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Leg and ankle weights are sometimes used to augment exercise or training in hopes of seeing faster or greater results. The theory behind using these weights is that they increase resistance on the legs so you will burn more calories, develop muscle more quickly and be able to run or jump faster than you could before. Adding weights to your legs usually won't result in these improvements, however, and may actually increase your chance of injury.
Foot and Ankle Injuries
Depending on the size and positioning of your leg weights, you may be putting additional strain on your feet and ankles, making them more prone to injury. As most weights of this kind strap around the ankle, wearing weights puts a hard surface against the bones of your upper foot and ankle that can rub against the ankle when you move, hit against the foot and ankle if the weights are loose and potentially cause more serious injuries if you fall or accidentally twist your ankle during exercise.
Although leg weights are often used by runners and other athletes in hopes of increasing speed, in many cases the weights restrict your normal range of motion and change your natural gait, which results in a slower overall speed. This restriction is caused by the increased weight that your legs must bear and the positioning of the weights on your ankles; the muscles of your legs must work harder to move the weight, resulting in the muscles tiring faster and making smaller motions to compensate.
Tendon and Ligament Injury
The increased weight on your legs puts more of a strain on the connective tissues of the leg, especially because your legs typically support body weight from below and aren't used to supporting weight at the ankles. When running or performing other exercise, the increased weight at the bottom of your legs can cause overextension, tendon strain and other connective tissue injuries as your connective tissues must deal with additional force to which they are not accustomed.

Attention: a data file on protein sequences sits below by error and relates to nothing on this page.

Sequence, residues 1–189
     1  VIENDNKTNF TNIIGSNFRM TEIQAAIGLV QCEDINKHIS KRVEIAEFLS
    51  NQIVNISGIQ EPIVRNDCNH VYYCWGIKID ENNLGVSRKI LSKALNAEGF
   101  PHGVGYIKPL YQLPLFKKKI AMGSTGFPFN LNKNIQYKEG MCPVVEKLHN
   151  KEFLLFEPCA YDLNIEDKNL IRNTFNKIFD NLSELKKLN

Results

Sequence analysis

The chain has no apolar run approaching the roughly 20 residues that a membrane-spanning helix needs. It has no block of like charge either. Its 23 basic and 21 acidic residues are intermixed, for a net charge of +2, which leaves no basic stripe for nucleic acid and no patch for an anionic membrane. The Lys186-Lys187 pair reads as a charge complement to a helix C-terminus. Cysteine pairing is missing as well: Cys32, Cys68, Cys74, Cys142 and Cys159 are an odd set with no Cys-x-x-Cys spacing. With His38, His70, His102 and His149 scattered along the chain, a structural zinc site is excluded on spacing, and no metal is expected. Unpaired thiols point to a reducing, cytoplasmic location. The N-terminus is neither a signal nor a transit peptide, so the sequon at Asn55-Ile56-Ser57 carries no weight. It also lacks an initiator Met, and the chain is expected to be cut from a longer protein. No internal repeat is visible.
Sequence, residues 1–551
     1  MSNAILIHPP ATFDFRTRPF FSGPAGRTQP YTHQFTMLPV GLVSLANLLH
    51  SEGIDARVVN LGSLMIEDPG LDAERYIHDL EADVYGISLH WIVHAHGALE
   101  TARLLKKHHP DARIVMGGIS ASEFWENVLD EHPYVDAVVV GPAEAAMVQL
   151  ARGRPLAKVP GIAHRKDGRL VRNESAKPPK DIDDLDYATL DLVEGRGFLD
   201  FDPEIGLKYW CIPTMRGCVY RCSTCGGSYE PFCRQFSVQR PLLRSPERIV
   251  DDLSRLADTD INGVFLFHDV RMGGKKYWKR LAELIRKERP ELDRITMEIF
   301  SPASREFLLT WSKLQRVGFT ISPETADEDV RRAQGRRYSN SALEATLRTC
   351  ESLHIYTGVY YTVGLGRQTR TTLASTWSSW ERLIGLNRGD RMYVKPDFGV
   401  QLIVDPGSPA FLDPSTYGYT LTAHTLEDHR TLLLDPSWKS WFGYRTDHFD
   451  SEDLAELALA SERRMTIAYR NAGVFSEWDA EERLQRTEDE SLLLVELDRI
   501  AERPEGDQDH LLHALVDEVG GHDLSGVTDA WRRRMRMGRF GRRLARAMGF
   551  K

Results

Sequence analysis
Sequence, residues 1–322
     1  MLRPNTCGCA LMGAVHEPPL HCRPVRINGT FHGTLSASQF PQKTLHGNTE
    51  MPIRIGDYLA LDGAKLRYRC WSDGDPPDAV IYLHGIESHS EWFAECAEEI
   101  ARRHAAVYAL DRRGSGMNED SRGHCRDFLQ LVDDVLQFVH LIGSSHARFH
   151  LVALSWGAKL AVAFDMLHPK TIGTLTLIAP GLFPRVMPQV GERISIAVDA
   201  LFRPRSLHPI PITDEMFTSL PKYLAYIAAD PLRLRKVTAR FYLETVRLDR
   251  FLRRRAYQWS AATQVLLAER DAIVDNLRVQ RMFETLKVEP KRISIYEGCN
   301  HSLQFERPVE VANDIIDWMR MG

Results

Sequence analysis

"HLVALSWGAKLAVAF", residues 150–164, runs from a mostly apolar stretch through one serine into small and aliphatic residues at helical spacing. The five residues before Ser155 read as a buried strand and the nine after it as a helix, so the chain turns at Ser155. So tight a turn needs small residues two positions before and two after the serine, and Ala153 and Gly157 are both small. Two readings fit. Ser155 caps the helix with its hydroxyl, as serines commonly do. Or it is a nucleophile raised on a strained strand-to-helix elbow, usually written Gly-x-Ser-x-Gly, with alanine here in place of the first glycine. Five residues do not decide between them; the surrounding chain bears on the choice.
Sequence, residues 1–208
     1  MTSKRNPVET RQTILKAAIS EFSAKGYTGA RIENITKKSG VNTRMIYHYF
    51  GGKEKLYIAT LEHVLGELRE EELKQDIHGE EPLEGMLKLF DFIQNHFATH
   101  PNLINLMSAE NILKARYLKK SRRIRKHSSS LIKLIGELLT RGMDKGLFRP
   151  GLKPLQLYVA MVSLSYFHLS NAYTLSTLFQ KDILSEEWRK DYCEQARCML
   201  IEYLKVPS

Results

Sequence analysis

Knee, Hip and Back Pain
Having weights on your legs increases the strain placed on your knees, hips and lower back. Depending on the amount of weight you use, leg weights can significantly increase the force of impact that your body experiences with each foot strike. This impact is absorbed by the ankles, knees, hips and lumbar vertebrae; increasing the impact also increases the amount of impact force that your joints and back must absorb. The increased impact can result in joint injury, swelling within the joints, changes in spinal alignment and other joint problems.
The muscles of your legs have to work harder to lift your feet when weights are present, resulting in the quadriceps muscles becoming stronger at a faster pace. The hamstring muscles that act as an antagonist to the quadriceps don't experience this increase, however; the hamstrings will perform the same amount of work, and in some cases the weights may actually decrease the amount of work that the hamstrings have to do when lowering your foot. As the muscle imbalance increases, so does your risk of muscle injury during exercise.
Slowing Weight Loss
Leg weights increase the amount of energy that your leg muscles require to run, jump or perform other exercises. Depending on the actual weight you use when training, this can result in the body prioritizing its energy sources to burn carbohydrates and other high-energy fuels first. When this occurs, fat is not burned as readily and your muscles may tire before the body begins using its fat stores.